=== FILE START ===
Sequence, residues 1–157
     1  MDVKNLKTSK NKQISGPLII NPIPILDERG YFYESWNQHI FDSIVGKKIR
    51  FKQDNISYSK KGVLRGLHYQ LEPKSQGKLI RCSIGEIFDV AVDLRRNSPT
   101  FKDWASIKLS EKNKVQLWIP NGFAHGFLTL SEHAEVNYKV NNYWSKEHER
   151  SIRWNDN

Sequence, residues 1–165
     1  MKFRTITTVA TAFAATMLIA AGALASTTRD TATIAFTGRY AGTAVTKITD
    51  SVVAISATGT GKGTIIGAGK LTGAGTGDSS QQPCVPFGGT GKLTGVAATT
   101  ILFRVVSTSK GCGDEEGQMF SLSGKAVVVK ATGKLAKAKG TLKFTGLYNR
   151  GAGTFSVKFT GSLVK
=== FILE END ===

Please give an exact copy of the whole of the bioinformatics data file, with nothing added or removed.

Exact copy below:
Sequence, residues 1–157
     1  MDVKNLKTSK NKQISGPLII NPIPILDERG YFYESWNQHI FDSIVGKKIR
    51  FKQDNISYSK KGVLRGLHYQ LEPKSQGKLI RCSIGEIFDV AVDLRRNSPT
   101  FKDWASIKLS EKNKVQLWIP NGFAHGFLTL SEHAEVNYKV NNYWSKEHER
   151  SIRWNDN

Sequence, residues 1–165
     1  MKFRTITTVA TAFAATMLIA AGALASTTRD TATIAFTGRY AGTAVTKITD
    51  SVVAISATGT GKGTIIGAGK LTGAGTGDSS QQPCVPFGGT GKLTGVAATT
   101  ILFRVVSTSK GCGDEEGQMF SLSGKAVVVK ATGKLAKAKG TLKFTGLYNR
   151  GAGTFSVKFT GSLVK